Ah here we are again. Book discussion time!! I’m making my way through the book list quite beautifully and I think I’ll only have one more update before we make a totally NEW list! So, start thinking (and continue reading) about which books you’d want to make everybody (me) read. At the end of all of the reviews I’m going to post my 3 favorites so hopefully I’ll help you narrow some new reads down if you are still searching for something awesome. Now then… here we go! If you missed part 1, you can check it out here.
The Fifth book in my journey was Before You Suffocate Your Own Fool Self by Danielle Evans. This is a book of short stories from a writer who is alive, and old enough to be my friend but not old enough to be my mother. I had read one of her stories in one of the Best American Short Stories collections… It may have been 2010 or 2009, but I can’t remember now. What I do remember is that it was the only story I thought of, even to this day, from any of the Best American collections. She is an amazing writer and her stories are so real they could be happening to your neighbor, but so captivating they keep you turning the page.
My favorite story of the collection is called Snakes. But then as I was flipping through just now to find the name of it, I started remember all of the other stories and they all became my favorites too. So I guess my second favorite is Wherever You Go, There You Are and my third favorite is The King of a Vast Empire.
I have nothing bad to say about this book. Even if you don’t like short stories, you should run out and buy it and read it (maybe even savor it). You’ll be thinking about the characters and these stories for
I picked up The Witch of Portobello by Paulo Coelho as the sixth read because I was ready for a little magic and a solid novel.
It was not what I expected.
It’s kind of written in an experimental way, it’s in chronological order but the entire book is made up of many different peoples’ accounts of the witch and how she interacted with them, or what they heard or felt about her. I found it initially slow and my mind occasionally wandered. But! It’s an incredibly calming read, incredibly thoughtful, and every time I picked it up I felt like I was going on a spiritual journey.
If you’re in the mood for some self-reflection, some pondering about the nature of the world and how we’re all inter-connected (with some magic and intrigue thrown in) you should check this out. You know what it kind of reminds me of? It’s a Benjamin Button story (minus the weird aging) or a Forrest Gump type of thing (without the Jen-ney), a character driven story to the max.
Seventh was Outlander by Diana Gabaldon and Oh My God! This is the book I missed my train stop while reading. For reals. I love it so much because it is so fun and even though some of the romance stuff is over the top, the story is actually really smart. I love the historical fiction, I love the quirky characters, I love that the main character, Claire, is really smart and complicated and she hardly ever makes me roll my eyes. I LOVE THIS BOOK.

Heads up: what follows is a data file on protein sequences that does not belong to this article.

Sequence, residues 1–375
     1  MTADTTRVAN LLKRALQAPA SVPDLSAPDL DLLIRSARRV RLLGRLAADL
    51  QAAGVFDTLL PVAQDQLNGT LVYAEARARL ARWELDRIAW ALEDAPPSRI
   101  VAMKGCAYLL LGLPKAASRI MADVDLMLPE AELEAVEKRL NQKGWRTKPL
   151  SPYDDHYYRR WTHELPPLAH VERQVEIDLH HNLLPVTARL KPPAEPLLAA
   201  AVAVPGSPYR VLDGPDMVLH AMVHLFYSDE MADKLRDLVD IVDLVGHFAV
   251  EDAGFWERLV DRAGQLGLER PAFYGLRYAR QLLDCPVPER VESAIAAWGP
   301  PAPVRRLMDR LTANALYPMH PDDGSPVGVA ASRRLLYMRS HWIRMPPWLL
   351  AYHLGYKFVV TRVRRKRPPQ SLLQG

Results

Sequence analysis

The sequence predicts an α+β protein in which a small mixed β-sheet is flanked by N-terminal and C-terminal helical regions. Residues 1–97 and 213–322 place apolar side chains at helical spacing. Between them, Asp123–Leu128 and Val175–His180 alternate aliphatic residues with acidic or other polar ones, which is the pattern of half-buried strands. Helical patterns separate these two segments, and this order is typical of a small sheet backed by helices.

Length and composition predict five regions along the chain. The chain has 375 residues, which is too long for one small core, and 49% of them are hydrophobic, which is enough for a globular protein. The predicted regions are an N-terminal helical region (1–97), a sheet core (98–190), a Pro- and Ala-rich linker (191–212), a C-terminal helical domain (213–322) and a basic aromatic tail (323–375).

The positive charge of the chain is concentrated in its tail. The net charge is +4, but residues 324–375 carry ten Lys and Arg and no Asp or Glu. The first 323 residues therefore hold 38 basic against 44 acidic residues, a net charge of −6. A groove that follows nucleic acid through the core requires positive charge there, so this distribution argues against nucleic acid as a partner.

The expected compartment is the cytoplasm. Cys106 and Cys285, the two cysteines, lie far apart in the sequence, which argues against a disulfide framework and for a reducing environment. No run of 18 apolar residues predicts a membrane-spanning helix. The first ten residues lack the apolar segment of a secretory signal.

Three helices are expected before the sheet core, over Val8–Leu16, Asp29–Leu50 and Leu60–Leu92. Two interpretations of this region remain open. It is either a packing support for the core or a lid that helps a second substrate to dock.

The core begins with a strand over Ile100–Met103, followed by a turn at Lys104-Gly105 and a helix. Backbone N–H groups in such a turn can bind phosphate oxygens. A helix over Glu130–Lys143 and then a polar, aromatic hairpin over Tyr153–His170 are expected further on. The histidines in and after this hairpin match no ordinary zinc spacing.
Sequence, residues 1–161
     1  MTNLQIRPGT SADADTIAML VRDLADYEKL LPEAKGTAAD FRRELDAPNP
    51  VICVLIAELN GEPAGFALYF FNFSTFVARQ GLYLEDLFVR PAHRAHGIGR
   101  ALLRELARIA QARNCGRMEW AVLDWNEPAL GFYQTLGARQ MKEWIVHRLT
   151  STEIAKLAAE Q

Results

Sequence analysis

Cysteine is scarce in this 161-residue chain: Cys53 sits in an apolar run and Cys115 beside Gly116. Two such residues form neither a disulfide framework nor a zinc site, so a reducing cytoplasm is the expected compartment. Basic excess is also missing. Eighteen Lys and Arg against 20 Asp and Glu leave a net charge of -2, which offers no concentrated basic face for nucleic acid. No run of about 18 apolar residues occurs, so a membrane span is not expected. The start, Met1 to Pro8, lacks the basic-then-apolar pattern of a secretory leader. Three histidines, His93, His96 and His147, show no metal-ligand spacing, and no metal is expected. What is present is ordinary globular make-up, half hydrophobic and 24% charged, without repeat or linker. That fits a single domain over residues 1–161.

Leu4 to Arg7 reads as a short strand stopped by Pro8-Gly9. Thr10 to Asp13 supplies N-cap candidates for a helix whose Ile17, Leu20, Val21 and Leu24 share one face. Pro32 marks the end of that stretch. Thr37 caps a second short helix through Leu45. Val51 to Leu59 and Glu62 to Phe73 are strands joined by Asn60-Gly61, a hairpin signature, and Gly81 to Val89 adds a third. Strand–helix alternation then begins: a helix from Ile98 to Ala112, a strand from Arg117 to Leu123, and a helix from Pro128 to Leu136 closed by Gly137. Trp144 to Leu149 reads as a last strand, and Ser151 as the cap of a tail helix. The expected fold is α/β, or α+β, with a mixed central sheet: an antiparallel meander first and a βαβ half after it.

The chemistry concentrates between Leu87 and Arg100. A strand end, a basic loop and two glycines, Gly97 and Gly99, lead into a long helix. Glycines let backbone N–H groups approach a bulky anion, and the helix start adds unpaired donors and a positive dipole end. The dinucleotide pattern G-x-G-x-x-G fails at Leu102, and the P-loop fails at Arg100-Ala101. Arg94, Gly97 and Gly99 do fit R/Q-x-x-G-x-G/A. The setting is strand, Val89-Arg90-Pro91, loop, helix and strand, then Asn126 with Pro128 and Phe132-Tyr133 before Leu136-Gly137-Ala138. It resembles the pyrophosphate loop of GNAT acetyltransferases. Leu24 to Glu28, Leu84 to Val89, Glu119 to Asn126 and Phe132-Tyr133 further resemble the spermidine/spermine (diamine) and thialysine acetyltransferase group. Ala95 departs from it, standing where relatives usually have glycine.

You guys, I love it so much that I had to start reading the eighth book early. I couldn’t read this book before work after my first week diving into it. It was too intense!! I would be at work, and for the first entire half of the day my brain would be in the Scottish highlands falling in love with a burly red-headed man and trying to escape the perils of the red coats. I am not even kidding. I have asked Kamel to adopt a Scottish accent several times. His response: “You really need to stop reading that book.” Yeah right… This is the most full on FUN I’ve had with a book in a really long time. I would say 70% of the books I read are page-turners, and about 20% of those are also incredibly smart and rave-worthy, but only about 5% of those are this fun.
But! I can’t decide if I want to head into the whole series of them. I’m having mixed feelings about getting book #2 and spending whole afternoons and evenings completely shackled to my book. It really really was preoccupying. I would get excited thinking about getting back to it! And then when I finished I mourned for two days that the story had ended and I couldn’t just go on living in this world FOREVER. Ok… I think you get the idea. So i’m not sure what to do. I know that the series kind of peters out when it comes to quality and I don’t want the story to become frustrating or unenjoyable. Please, give me some guidance on this one.
Like I mentioned above, number eight began as I was reading Outlander in order to keep myself functional. And what better book for sanity than… Watership Down by Richard Adams. A book about bunnies. All bunnies all the time.
The lovely Laura recommended this one. I remember because I thought, “Really? Bunnies?? Well… Laura said it was good… so I’m sure it’s amazing.” But I’m sort of still feeling like… really? Bunnies?
I generally have a hard time with stories about animals. I like animals, I do. I cried many times during Old Yeller. And I think dogs are awesome, and that cats are out to take over the world. And baby bunnies are kind of the bestest. But, I just have a really hard time caring about this story.
It’s a really fast read, there are a lot of things that happen in short bursts so it kept me relatively entertained with the pace, but every once in a while I would pop my head up and wonder… why am I giving a shit about the bunnies?
Laura, and anyone else who has read this, can you explain this to me? Even as I type this I feel like I’m probably a bad person for not caring MORE about this story. Am I just an ass hole? (The answer is: Yes, you bunny hating jerk.)
Alright! Who has read these books? What did you think? Should I read the next Outlander or will it just make me crazy and/or mad? Who is going to run out and buy Danielle Evans’ book of short stories? And who cares about bunnies? I’d like a show of hands please.